What Those ‘Richly Embroidered Wall-hangings’ In Your Fantasy Novel Really Mean.

(March 2016 – this post has been updated with new links to press articles on the discovery of some original Jacobean bed hangings in a Scottish castle – scroll to the bottom if you’re checking back)

As regular readers know, I like to embroider. I do canvas work and cross-stitch and thanks to an inspired idea by my sister, I’ve been learning Jacobean crewel work, courtesy of family and friends clubbing together to buy me birthday-gift-certificates for Royal School of Needlework courses at Hampton Court Palace. I’d like to show you what I was working on last weekend, not by way of an ego-trip* but to show you what nine hours of such stitchery looks like.

Jacobean rabbit

Yes, nine hours and as you will see, even this smallish design isn’t complete as yet. Granted, I’m still relatively new to this style of work. On the other hand, the tutor did remark I was making good progress.

Now let’s look at this. It’s a printed fabric but in very much the sort of design that crewel work was used for – embroidering with wool on linen twill – making curtains, wall-hangings, fire-screens and other decorative furnishings to brighten up – and insulate – homes in days of yore.

birds-curtain

For scale, those humming birds are about the same size as the flower in that first picture. If they’re too small to make out, click on the picture for a larger view. So just imagine how many woman-hours of stitching would be involved in say, making a set of bed curtains, canopy and valances decorated like that. Even assuming a practised needlewoman could work say, twice as fast as me. Even if that flower represented five hours’ effort, the labour involved is considerable.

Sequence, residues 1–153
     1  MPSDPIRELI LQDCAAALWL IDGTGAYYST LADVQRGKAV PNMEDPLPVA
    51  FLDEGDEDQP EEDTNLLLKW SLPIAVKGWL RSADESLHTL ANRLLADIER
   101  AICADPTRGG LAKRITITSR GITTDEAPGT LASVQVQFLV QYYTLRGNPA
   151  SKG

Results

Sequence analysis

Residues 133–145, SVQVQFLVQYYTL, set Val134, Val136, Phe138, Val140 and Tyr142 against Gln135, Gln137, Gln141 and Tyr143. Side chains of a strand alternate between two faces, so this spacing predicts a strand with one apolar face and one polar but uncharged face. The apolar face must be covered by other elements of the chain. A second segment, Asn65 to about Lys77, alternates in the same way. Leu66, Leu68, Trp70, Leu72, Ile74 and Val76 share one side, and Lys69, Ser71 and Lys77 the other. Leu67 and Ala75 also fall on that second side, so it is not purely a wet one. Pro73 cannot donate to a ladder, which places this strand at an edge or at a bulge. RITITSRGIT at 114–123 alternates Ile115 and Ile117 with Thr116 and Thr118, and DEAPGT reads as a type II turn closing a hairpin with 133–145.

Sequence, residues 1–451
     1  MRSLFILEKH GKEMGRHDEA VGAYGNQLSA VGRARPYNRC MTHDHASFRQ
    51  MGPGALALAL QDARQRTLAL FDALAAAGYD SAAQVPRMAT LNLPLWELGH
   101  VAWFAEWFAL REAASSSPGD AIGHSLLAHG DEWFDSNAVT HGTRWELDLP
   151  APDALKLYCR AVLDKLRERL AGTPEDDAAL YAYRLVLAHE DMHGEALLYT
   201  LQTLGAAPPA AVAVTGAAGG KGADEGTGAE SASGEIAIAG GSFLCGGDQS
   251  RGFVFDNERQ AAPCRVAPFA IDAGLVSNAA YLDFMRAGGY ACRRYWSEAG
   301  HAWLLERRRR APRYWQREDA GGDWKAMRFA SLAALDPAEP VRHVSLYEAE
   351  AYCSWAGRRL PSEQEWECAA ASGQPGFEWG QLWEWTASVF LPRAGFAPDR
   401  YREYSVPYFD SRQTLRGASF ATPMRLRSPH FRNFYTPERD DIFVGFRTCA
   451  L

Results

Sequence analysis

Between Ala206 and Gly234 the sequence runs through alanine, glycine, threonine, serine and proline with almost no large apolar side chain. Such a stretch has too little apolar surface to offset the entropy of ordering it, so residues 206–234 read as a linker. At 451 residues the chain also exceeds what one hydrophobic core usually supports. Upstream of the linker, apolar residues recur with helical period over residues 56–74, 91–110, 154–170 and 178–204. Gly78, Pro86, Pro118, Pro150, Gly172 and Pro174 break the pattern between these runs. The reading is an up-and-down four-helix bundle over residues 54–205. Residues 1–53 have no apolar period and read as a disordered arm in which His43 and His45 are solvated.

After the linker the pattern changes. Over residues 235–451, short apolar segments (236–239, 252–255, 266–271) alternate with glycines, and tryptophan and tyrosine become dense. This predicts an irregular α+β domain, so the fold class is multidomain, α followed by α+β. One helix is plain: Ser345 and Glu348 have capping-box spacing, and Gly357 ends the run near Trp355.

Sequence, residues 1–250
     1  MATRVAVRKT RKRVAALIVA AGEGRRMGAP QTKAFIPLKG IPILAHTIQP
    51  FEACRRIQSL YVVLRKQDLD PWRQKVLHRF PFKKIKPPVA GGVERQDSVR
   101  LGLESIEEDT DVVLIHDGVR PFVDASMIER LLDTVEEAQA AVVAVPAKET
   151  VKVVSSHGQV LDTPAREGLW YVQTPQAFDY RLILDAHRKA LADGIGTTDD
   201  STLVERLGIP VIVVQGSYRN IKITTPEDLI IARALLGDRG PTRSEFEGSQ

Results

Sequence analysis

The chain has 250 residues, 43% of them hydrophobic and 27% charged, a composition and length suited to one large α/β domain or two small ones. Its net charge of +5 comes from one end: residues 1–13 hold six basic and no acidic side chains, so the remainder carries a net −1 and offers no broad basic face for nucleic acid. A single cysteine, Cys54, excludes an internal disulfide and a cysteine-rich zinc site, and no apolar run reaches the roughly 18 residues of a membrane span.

This is what wealth meant, in the days before Ferraris and Rolexes. A significant measure of wealth was the ability to buy other people’s time and endeavour. You can see this in other day-to-day things historically. Dark fabrics with rich colours required multiple dye processes, so they were more expensive. High-status food like jelly/jello took a lot of time-consuming preparation and skill, starting with boiling up calves’ feet for hours at a time. This premium on personal labour has some consequences we might not expect today. When clockwork roasting spits came in, they were convenient but they weren’t a must-have item for the wealthy. It was more of a mark of status that you could employ a servant to manually turn your spit and roast your meat with personal care and attention.

And let’s not forget that you need good light for doing work like this embroidery; either natural daylight, which means whoever’s doing it needs decent glass windows which are costly, or expensive beeswax candles.

I know I’ll be looking at embroidered textiles in National Trust stately homes and castles with a whole new level of insight now. I’ll also be thinking carefully before blithely decorating any fantasy homes with those richly embroidered wall hangings.